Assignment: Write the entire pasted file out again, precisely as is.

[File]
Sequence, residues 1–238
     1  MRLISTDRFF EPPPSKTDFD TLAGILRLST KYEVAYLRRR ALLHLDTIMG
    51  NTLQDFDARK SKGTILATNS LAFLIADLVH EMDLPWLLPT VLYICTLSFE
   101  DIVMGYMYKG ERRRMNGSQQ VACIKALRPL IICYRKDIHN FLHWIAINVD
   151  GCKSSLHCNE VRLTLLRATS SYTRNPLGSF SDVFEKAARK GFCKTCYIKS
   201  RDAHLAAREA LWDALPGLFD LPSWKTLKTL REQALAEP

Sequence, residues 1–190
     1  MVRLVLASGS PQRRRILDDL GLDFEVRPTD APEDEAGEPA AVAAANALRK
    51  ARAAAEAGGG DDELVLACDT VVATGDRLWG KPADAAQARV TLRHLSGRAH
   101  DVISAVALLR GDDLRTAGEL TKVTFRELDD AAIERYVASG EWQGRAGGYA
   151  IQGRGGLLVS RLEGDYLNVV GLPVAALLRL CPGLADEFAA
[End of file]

Sequence, residues 1–238
     1  MRLISTDRFF EPPPSKTDFD TLAGILRLST KYEVAYLRRR ALLHLDTIMG
    51  NTLQDFDARK SKGTILATNS LAFLIADLVH EMDLPWLLPT VLYICTLSFE
   101  DIVMGYMYKG ERRRMNGSQQ VACIKALRPL IICYRKDIHN FLHWIAINVD
   151  GCKSSLHCNE VRLTLLRATS SYTRNPLGSF SDVFEKAARK GFCKTCYIKS
   201  RDAHLAAREA LWDALPGLFD LPSWKTLKTL REQALAEP

Sequence, residues 1–190
     1  MVRLVLASGS PQRRRILDDL GLDFEVRPTD APEDEAGEPA AVAAANALRK
    51  ARAAAEAGGG DDELVLACDT VVATGDRLWG KPADAAQARV TLRHLSGRAH
   101  DVISAVALLR GDDLRTAGEL TKVTFRELDD AAIERYVASG EWQGRAGGYA
   151  IQGRGGLLVS RLEGDYLNVV GLPVAALLRL CPGLADEFAA